There is no rest for the wicked or the wonderful. Leinster coach Leo Cullen will have precious little time to savour what has been a productive back-to-back gathering of maximum points and valuable experience in The Champions Cup.
Their reward for the positivity of their play accrued a third harvest of five points from the nine tries they rained down on Northampton Saints to take command of Pool Four.
The indiscipline of Montpellier was their downfall in a 29-23 defeat at Castres Olympique yesterdayfternoon.
This leaves Leinster holding a five-point gap on their French rivals Montpellier.
The Irish province has already collected 20 tries from four rounds compared to the miserable five from six rounds last season.
It has them well-placed to secure a home quarter-final with all eyes turning towards Montpellier at The RDS in the middle of January.
Before then, there is the significant business of two PRO12 inter-provincials away to Munster on St Stephen's Day and at home to Ulster on New Year's Eve.
"Two games in five days is always tough, especially two games of that level, particularly when the team you're playing second is coming off an eight-day turnaround.
"I think we're a bit disadvantaged with the way those fixtures have fallen or have been arranged. But, we'll get on with it and manage it as best we can.
"Then, we have a six-day turnaround with Zebre - that's three games in 11 days - and then other games get scheduled on Tuesday or Wednesday for the Champions Cup."
The disintegration of Northampton from a force to be reckoned with into a club in disarray has been a saddening descent.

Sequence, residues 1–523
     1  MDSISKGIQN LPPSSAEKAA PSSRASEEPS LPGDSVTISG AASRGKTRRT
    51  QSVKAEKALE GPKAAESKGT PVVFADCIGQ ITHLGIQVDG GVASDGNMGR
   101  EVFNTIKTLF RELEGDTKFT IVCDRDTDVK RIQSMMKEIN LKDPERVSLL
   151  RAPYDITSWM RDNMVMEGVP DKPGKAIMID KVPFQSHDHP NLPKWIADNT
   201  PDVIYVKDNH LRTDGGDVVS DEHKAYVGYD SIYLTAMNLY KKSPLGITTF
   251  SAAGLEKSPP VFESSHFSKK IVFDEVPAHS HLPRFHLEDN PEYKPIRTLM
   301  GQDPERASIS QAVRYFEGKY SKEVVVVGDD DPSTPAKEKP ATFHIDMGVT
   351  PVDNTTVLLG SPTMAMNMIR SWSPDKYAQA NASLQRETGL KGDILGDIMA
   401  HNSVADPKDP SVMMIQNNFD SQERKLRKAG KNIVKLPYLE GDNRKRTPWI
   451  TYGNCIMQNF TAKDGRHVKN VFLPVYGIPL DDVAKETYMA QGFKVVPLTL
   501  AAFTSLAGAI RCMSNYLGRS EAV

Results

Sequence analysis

For what it was worth, Leinster will still view a bad start as reason enough to test their composure.
When George Pisi shot up out of the line to intercept Luke McGrath's pass to Ross Byrne for a length of the pitch seven points to make it 13-5 in the 22nd minute, it could have been a turning point in what was looking like a competitive game.
There are always lessons to be learned even from a 60-13 victory, despite the fact The Saints just lost all faith in themselves.
"On another day going 13-5 behind gets you in trouble because you're chasing a game.
"I thought the lads showed good composure," said Cullen.
"We talked about it that if we do get into a situation where we are behind, it's how you manage your way out of it.
"That's definitely a learning point. Against the best sides in Europe, you don't want to start the game 13-5 down because it does affect the way you play and the confidence levels of your team."
The plan for Europe is panning out quite nicely given the furrowed eyebrows that would have greeted Leinster's draw in the summer.
It would now seem the disaster that was last season was short-term pain suffered for long-term gains.
The prospect of a home quarter-final is a realistic one to everyone outside those who have to make it happen.
Cullen knows if you take your eyes off the road you are on, you can end up in the ditch.
"We'll see. You've obviously got to win your group first. Montpellier and Castres are two strong teams with a lot of resources. It's early days yet.
"We're trying to navigate our way through the pool and obviously finish on top."
Of course, what is great for Leinster is just as good for Ireland as exposure for players means a chance to impress other further up the food chain.
"It's not rocket science," added Cullen.
"It is just everyone working hard and trying to get better all the time.
"For starters, we want be able to bring guys through.
"Young players have aspirations to play for Ireland growing up. They see the green jersey first.
"How do they get there? They are growing up somewhere in Leinster, so you want to them play for Leinster."